The real-life creation of human-animal hybrids, which is on the verge of going from hypothesis to reality, has been the subject of ongoing debate since the dawn of genetic engineering. But recent advances have made these creatures of dreams (or nightmares) no longer hypothetical, thanks to two major milestones in the world of xenotransplantation: the transfer of living cells, tissues, or organs from one species to another.
In September 2021, the University of Alabama at Birmingham announced the first successful clinical-grade transplant of gene-edited pig kidneys into a human (albeit brain-dead), replacing the recipient’s native kidneys in a display of function. The kidney, which was attached to the leg of a deceased patient maintained on a ventilator, began functioning—making large amounts of urine—in the short experimental window before being terminated after 54 hours. A similar success connecting pig kidneys to two more brain-dead patients was reported just this week from New York University.
The other major milestone was in January 2022, when the world witnessed the first successful pig heart xenotransplantation. David Bennett Sr., a 57-year-old diagnosed with terminal heart disease, received a genetically modified pig heart at the University of Maryland in Baltimore. While the transplanted porcine heart functioned without immediate rejection by Bennett’s body, he died two months later by a cause not yet determined.
But before it becomes too late to put the genie back in the bottle on pig-to-human xenotransplantation, experts say there are many unresolved questions about whether to fully pop this clinical cork. Much of the debate is likely to boil down to safety first, and second, an analysis of the economic and health costs and benefits of these procedures—not only those borne by society but also by doctors, caregivers, and all those thousands of people who are dying and in need of an organ transplant.
When pigs fly
As it turns out, genetically engineered pig organs actually cost far more than human organs at the moment—a measure of the fact that experimental xenotransplantation animals are grown in carefully controlled settings. Raising genetically engineered pigs in pristine, quarantined, and secure conditions is expensive. The caretakers for the pigs have to wear what are essentially spacesuits to ensure the animals don’t get an infection, and they have to check the pigs frequently to make sure they’re not carrying diseases.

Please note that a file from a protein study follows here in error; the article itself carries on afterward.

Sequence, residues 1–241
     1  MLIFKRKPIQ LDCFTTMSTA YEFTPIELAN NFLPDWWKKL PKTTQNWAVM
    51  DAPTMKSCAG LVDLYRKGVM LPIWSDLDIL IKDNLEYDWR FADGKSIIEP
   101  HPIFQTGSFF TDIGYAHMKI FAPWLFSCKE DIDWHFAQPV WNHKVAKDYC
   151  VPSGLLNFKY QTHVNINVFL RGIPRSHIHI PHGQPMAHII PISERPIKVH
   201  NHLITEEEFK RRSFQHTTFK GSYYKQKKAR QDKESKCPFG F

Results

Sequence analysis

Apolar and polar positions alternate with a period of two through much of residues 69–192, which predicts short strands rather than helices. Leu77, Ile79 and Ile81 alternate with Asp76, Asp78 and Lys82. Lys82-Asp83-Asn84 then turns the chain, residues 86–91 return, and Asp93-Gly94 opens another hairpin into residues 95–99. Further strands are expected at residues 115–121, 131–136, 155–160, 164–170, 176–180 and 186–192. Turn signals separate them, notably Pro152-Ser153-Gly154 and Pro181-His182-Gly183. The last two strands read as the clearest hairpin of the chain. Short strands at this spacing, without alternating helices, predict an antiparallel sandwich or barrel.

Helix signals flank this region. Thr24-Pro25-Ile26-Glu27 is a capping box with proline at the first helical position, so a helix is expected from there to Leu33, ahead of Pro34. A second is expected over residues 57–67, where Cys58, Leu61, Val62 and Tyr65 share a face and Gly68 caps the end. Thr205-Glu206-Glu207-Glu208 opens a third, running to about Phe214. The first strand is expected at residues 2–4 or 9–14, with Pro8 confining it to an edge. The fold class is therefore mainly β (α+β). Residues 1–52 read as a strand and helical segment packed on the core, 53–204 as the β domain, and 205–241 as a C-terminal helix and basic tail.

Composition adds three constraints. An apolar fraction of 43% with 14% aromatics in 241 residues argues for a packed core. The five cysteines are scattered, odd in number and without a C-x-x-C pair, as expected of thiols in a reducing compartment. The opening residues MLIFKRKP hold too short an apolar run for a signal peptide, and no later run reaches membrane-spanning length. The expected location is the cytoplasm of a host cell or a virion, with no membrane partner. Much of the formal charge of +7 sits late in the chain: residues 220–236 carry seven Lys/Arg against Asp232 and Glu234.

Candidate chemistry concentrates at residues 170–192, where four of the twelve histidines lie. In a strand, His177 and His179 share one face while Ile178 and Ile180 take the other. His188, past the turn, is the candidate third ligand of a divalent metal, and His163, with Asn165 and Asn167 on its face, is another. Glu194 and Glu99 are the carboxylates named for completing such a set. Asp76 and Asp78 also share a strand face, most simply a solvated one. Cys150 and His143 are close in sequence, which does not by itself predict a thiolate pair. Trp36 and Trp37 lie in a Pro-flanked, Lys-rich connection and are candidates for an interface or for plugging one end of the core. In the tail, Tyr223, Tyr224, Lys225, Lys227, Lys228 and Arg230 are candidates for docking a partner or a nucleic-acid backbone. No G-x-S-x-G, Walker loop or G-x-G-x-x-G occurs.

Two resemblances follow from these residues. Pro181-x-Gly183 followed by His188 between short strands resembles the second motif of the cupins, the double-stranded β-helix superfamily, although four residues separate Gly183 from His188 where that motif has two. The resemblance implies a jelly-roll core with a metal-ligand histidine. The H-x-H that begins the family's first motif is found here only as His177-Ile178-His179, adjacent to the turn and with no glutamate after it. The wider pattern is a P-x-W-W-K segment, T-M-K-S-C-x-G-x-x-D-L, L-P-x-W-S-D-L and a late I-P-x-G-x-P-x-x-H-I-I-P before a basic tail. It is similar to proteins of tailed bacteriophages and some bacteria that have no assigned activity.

Harvard geneticist George Church points out that the cost of a heart transplant in the United States is around $1.66 million, according to the most recent estimates, while pig transplants, judging solely on the cost of the pig heart transplants for baboons, are a comparative steal at just $500,000. Human organs themselves are cheaper, largely because the organs are donated free of charge by living or deceased donors, but the cost of transplanting a human organ is more expensive because of the cost associated with keeping a deceased donor’s organs viable during transport and flying out transplant surgeons and other experts on a moment’s notice.
But where the financial scales really get upended is when you start to look at transplant waitlists and the cost in human suffering that stems from having such a limited number of donated organs. With pig organ transplants, people may no longer have to wait in an intensive care unit for three months or more, which is the current average wait time for a donor’s heart—or be on dialysis for seven years or more as they wait for a kidney to come available. And the cost in terms of human lives is even greater. Organ waiting lists are long, and they are tragically withering.
According to the Organ Procurement and Transplantation Network, 106,045 men, women, and children are on the national transplant waiting list, but 17 people die each day waiting for an organ (more than 6,000 a year). The vast majority of them are waiting for kidneys; in 2021, there were 90,483 people on the kidney transplant waiting list, but only 24,670 operations were performed. As it turns out, 45 percent of those added to the kidney waiting list are later taken off because they either developed complications, they were no longer deemed eligible, or they simply died waiting.